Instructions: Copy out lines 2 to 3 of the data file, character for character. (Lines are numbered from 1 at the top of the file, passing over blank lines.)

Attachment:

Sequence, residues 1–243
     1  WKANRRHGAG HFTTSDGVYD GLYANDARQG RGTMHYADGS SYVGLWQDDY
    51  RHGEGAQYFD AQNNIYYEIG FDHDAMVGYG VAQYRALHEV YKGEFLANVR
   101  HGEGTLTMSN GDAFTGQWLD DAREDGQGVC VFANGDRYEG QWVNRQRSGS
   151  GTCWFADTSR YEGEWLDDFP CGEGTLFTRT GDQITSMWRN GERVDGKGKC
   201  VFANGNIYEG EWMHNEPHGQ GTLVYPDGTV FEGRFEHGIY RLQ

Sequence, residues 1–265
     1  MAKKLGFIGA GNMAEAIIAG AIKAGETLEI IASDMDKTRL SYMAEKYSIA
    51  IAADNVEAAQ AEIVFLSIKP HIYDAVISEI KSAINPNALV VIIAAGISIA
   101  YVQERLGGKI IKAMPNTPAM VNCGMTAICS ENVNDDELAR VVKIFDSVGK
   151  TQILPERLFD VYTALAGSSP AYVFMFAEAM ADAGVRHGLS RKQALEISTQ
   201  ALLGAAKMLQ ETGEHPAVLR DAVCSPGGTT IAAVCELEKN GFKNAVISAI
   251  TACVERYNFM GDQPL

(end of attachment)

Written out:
     1  WKANRRHGAG HFTTSDGVYD GLYANDARQG RGTMHYADGS SYVGLWQDDY
    51  RHGEGAQYFD AQNNIYYEIG FDHDAMVGYG VAQYRALHEV YKGEFLANVR